My knees felt like rubber, but my whole body urged me up, away, to escape. We clawed to our feet and hurtled forward towards the edge of Gates and the seeming safety of the trees lining the edge of 15th Ave and campus. Kim tugged on my hand and we slowed.
“He’s that way, don’t run that way!”
“No!” I roared, and yanked violently on her arm. She yelped, but caught her feet and followed me down to 15th.
Another rapid string of shots rang out. I could hear the lighter pop of officers firing back from cover near Schmitz. They were only targeting the police. If they wanted to kill us, they would have done it by now.
We jumped down the raised embankment along 15th, ran up for one block then sprinted down 43rd. Crowds were everywhere, flooding away from campus, and sirens were howling all around us. Getting to 11th Ave, we rounded the corner on Roosevelt and reached our apartment door, gasping for breath.
I shook so bad I couldn’t focus typing the pin on my eyephone, and finally had to sub-vocalize to get the door to unlock. We ran up the stairs to the third floor, ignoring other tenant’s shouts for information or attempts to stop and help us.
We rushed into the apt and collapsed on our couch, panting. My head rolled at the thought of being here only an hour before. We reeked of vomit, sweat, grass and mud. Our clothes were filthy.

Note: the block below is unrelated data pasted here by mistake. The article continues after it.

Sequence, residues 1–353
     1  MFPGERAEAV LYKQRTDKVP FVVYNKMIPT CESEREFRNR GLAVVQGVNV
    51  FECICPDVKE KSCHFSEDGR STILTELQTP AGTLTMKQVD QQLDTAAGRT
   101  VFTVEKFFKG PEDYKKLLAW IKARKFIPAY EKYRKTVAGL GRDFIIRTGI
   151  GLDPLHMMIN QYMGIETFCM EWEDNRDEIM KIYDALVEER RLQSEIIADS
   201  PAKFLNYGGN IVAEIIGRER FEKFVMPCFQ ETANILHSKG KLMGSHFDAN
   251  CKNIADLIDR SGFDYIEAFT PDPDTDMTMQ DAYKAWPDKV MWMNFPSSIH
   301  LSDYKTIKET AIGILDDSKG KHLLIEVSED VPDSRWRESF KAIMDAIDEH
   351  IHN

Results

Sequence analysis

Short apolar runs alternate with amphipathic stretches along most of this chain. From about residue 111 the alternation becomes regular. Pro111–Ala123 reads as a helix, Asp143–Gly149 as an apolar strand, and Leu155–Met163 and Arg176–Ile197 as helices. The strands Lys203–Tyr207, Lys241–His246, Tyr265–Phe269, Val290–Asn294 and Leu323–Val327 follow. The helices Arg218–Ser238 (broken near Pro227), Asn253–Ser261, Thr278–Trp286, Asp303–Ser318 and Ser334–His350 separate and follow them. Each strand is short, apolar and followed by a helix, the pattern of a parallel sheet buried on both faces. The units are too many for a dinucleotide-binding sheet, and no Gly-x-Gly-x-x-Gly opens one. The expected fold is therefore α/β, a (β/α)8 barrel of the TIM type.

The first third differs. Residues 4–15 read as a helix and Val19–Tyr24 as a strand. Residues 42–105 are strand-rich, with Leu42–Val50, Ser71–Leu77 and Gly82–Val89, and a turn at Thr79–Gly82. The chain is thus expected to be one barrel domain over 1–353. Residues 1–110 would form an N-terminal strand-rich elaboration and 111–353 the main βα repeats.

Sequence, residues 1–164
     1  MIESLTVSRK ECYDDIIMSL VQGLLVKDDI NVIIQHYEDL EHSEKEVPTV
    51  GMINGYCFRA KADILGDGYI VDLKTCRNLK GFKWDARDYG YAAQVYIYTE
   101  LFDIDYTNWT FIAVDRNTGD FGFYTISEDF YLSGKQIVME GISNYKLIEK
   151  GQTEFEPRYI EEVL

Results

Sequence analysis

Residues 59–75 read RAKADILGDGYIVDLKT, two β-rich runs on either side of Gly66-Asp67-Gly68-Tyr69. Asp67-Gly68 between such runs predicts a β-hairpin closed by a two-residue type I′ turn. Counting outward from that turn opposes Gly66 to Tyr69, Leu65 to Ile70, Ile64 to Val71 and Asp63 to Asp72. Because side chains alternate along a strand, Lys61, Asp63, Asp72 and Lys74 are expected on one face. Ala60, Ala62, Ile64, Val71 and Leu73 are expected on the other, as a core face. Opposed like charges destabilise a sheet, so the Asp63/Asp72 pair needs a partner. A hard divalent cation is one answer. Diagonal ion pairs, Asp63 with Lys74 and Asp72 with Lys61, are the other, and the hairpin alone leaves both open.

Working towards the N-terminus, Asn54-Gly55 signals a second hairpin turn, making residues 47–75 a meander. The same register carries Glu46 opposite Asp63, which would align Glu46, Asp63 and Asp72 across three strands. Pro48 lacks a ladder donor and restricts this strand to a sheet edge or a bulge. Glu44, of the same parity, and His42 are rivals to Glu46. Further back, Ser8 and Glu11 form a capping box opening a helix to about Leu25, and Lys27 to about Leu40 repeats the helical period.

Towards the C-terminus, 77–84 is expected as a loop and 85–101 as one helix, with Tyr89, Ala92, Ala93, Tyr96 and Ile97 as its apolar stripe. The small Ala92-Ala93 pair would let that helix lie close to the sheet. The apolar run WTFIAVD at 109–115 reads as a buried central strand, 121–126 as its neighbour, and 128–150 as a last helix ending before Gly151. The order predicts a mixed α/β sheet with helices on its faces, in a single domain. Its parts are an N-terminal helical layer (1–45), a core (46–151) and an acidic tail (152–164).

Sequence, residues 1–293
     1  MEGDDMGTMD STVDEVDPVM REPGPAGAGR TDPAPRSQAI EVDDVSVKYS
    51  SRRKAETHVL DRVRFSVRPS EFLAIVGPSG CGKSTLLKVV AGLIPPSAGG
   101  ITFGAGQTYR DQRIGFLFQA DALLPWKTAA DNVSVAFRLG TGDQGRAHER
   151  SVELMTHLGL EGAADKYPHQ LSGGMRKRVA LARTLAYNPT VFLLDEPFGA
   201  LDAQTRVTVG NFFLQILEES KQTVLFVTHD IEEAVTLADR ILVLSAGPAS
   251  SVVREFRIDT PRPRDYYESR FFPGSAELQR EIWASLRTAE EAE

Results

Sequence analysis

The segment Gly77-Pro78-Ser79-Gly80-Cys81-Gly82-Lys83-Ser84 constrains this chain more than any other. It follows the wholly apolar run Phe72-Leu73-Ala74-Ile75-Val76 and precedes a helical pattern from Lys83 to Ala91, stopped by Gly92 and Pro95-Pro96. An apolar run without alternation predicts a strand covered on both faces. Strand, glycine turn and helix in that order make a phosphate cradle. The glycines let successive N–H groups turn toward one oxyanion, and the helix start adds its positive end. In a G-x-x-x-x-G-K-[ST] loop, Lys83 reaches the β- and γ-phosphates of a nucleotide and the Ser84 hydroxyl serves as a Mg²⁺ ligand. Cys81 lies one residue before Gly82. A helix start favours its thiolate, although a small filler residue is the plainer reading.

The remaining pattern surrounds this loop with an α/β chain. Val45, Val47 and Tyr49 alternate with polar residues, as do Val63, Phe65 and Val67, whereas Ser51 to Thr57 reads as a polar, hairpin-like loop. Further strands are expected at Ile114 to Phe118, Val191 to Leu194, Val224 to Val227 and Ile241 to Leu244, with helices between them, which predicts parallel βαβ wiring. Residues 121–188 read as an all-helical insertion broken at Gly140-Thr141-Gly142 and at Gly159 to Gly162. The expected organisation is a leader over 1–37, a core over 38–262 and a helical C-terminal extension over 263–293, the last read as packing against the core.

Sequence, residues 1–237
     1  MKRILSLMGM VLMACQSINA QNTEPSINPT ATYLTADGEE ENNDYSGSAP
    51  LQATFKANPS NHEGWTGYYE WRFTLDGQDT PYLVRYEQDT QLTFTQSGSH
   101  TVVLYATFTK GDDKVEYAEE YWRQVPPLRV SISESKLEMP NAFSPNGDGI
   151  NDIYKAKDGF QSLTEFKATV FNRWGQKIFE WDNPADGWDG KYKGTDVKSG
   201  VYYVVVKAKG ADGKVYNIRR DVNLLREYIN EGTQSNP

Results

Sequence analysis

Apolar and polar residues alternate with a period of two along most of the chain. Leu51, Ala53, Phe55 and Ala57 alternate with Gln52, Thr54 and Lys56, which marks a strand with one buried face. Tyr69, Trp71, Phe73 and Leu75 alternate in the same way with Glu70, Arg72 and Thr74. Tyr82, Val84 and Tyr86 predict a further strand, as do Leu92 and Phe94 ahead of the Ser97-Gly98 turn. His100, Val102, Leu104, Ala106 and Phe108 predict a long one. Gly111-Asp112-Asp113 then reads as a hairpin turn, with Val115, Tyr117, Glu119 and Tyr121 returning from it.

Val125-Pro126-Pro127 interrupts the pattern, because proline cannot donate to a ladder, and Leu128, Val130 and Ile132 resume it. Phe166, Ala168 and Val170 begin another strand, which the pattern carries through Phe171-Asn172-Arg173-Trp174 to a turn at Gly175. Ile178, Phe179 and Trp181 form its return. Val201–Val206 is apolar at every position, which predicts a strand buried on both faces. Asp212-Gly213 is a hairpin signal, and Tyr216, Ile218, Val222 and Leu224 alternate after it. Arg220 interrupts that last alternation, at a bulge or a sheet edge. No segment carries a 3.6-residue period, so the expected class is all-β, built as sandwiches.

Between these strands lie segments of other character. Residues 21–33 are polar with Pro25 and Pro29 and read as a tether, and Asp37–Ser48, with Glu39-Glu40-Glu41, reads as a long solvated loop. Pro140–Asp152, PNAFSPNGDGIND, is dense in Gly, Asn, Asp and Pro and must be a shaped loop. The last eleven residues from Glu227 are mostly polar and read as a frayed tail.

“Oh, my fucking arm,” Kim moaned, holding her elbow. “I think you sprained it.”
“When you yanked me towards the shooter.”
I wanted to argue with her, but I couldn’t find the words. After a few minutes, I lurched up, still breathing hard, went to the sink and chugged water from a glass. Kim slipped from the couch, down to the floor. I melted down after her and we curled together. She was shivering all over. I found that I was too, and the rug made little folds underneath us.
“Oh God,” she moaned.
“It’s OK. Baby, it’s OK.”
“Jonas, they killed them, they shot them.”
“It’s over. We’re gonna be OK.”
“It has to be Red Factions. What if they take over town? We have to get out of here.”
She started to get up, but I held her tighter. Despite the fear in my chest, I said:
“It can’t be. There’s of us, more police, more soldiers. It’s just an attack. We’re safe here.”
I wasn’t sure if I actually believed this. We lay on the carpet, shivering and rocking, while outside the discordant howl of sirens rose, and the smell of burning crept in through the closed windows. I crushed my eyes together, wishing everything would go away.
Just then, the phone and internet came back on, flooding my eyecontact HUD with information. Danny was alive. Arielle was alive. And Oats. Then my mother was calling. Her face was pale and drawn.
“Jonas,” she said. “Are you OK?”
“There was a shooting on campus, we just made it home. Are you–”
“Jonas,” she said, cutting me off. “Your father’s dead.”